Come on, hon. He knew you were “the One” at first sight? Really? The idea of spotting you across the room and knowing immediately that you are his destiny is the stuff of fairy tales and old-school R&B lyrics — not reality. And while every woman should be confident enough to think she’s worthy of inspiring such feelings, she should also be realistic enough to accept that it happens not off of an initial glance but over time. That should have been your first sign that not everything was what it seemed.
The second sign was when he started calling himself your man. There’s an element of dysfunctional romance to it — the type oft found in romance novels (full disclosure: I was a romance-novel editor for five years) and romantic-comedy films — but in the real world, that’s just odd.
Declaring himself your man implies that you’re in a relationship, and that’s just not how commitments are established. At the very least, there is — or there should be — a discussion about what’s going on between the two of you and what to expect from a relationship. He was spitting game, and his self-proclaimed moniker meant nothing.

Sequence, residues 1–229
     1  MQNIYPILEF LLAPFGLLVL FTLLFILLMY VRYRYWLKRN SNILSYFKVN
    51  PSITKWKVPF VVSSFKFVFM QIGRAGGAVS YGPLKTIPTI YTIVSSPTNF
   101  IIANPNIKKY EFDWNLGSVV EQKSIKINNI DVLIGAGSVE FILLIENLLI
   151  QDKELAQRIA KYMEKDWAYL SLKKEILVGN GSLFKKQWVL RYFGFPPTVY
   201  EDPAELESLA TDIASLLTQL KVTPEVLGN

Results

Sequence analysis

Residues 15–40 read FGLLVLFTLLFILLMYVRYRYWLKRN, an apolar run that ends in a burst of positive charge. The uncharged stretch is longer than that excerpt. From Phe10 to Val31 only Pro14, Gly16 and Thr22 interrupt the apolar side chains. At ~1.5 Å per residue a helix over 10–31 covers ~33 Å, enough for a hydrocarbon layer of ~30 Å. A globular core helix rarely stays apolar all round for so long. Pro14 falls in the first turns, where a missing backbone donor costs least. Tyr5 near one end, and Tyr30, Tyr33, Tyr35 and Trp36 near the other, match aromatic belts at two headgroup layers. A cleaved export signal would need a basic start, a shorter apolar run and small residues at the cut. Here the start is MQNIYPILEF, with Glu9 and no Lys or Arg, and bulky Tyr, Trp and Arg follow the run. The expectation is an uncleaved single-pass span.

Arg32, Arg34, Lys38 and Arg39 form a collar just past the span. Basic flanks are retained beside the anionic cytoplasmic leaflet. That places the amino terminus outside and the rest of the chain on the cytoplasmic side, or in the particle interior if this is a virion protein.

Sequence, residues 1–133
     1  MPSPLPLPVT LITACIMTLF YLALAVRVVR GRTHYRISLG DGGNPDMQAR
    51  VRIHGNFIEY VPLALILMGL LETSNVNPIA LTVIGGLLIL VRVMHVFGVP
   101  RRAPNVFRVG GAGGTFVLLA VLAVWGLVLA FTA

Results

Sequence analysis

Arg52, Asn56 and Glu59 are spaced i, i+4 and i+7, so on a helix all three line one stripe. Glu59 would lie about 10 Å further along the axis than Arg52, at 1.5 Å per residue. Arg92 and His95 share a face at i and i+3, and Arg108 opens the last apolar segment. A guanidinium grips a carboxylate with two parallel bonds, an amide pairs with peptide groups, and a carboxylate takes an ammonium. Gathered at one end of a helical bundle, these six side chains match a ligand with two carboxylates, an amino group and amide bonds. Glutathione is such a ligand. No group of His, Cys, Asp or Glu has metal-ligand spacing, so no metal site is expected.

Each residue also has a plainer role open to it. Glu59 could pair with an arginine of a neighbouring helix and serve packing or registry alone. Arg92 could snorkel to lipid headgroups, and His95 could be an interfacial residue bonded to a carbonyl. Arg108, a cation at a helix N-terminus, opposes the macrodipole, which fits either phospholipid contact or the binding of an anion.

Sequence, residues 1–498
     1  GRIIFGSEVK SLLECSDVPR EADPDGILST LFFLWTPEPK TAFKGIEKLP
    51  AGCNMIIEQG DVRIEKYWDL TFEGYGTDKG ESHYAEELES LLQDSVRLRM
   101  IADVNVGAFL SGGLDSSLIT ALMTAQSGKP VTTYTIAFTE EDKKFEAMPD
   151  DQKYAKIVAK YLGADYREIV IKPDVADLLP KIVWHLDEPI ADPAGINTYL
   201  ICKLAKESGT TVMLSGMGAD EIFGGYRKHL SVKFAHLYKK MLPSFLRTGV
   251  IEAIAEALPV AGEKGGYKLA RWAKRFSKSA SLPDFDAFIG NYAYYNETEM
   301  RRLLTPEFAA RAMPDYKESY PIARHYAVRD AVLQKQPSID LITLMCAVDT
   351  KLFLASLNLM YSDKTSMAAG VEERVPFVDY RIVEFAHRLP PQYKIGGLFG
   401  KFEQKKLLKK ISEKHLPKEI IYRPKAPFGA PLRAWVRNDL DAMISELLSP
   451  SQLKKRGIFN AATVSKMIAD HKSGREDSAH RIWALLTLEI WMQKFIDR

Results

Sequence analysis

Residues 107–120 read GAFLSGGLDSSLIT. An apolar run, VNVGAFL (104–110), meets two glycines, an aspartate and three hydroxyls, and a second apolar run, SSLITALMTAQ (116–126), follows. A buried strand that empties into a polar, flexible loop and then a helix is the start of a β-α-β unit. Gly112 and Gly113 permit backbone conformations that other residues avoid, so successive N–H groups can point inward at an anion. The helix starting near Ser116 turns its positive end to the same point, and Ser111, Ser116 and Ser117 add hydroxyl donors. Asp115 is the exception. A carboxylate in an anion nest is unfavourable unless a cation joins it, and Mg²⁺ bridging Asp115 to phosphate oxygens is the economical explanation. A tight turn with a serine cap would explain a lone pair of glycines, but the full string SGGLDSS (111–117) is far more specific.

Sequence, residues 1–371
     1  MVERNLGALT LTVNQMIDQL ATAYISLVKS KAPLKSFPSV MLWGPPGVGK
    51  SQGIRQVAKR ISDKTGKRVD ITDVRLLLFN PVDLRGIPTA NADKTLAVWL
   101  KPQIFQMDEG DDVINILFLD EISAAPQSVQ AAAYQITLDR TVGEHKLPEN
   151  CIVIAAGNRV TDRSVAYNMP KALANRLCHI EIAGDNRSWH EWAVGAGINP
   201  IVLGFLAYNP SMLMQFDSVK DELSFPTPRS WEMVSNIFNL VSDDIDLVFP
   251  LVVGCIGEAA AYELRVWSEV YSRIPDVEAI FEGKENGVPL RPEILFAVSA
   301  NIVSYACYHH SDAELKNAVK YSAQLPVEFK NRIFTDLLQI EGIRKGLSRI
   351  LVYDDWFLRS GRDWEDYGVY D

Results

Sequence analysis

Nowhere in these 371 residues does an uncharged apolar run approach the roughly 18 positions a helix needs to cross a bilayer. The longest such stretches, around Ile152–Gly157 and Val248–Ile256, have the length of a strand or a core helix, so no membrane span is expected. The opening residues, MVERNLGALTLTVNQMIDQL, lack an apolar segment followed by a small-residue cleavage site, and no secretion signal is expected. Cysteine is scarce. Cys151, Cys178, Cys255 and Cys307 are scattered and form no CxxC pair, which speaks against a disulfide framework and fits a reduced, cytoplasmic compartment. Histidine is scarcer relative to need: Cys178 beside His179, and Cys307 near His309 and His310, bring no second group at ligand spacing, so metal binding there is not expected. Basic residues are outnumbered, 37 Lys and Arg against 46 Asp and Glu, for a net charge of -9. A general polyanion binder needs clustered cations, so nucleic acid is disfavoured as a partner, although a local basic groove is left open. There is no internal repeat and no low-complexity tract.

It pains me to write my next sentence, because it’s so pessimistic, but it’s also real: You cannot trust that every man who says he’s all about you actually is. Men should not mislead women about their intentions (and for clarity, women should not mislead men). But until people en masse stop doing it, the onus will always be on you — man or woman — to decipher the games, the lines and the lies.
If you’re seeking a healthy relationship and want to tip the odds in your favor, take months slowly getting to know someone — i.e., dating. There’s a reason it’s called building a relationship. What a potential partner says and does should be in accord consistently over time. Once you’ve found that, then it’s time to discuss a commitment and exclusivity.
Demetria L. Lucas is a contributing editor to The Root, a life coach and the author of A Belle in Brooklyn: The Go-to Girl for Advice on Living Your Best Single Life. She answers your dating and relationship questions on The Root each week. Feel free to ask anything at firstname.lastname@example.org.